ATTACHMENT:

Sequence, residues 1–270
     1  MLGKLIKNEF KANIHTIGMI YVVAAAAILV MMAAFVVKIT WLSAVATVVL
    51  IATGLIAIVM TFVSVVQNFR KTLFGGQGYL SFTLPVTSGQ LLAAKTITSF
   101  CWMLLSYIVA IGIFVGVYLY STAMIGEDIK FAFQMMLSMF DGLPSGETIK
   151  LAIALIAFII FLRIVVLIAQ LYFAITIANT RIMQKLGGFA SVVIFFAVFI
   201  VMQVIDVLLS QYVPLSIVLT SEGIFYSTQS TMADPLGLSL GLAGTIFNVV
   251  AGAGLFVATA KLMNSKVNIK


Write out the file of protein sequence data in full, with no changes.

Sequence, residues 1–270
     1  MLGKLIKNEF KANIHTIGMI YVVAAAAILV MMAAFVVKIT WLSAVATVVL
    51  IATGLIAIVM TFVSVVQNFR KTLFGGQGYL SFTLPVTSGQ LLAAKTITSF
   101  CWMLLSYIVA IGIFVGVYLY STAMIGEDIK FAFQMMLSMF DGLPSGETIK
   151  LAIALIAFII FLRIVVLIAQ LYFAITIANT RIMQKLGGFA SVVIFFAVFI
   201  VMQVIDVLLS QYVPLSIVLT SEGIFYSTQS TMADPLGLSL GLAGTIFNVV
   251  AGAGLFVATA KLMNSKVNIK